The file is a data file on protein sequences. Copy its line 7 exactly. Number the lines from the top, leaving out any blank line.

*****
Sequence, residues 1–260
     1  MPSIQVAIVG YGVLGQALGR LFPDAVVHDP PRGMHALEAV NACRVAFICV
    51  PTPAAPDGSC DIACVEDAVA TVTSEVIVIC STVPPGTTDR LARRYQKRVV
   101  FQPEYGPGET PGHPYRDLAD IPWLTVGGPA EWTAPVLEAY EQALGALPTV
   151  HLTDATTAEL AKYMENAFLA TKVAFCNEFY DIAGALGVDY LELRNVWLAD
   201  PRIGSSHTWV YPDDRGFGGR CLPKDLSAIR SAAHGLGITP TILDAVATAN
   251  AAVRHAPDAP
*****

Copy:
   251  AAVRHAPDAP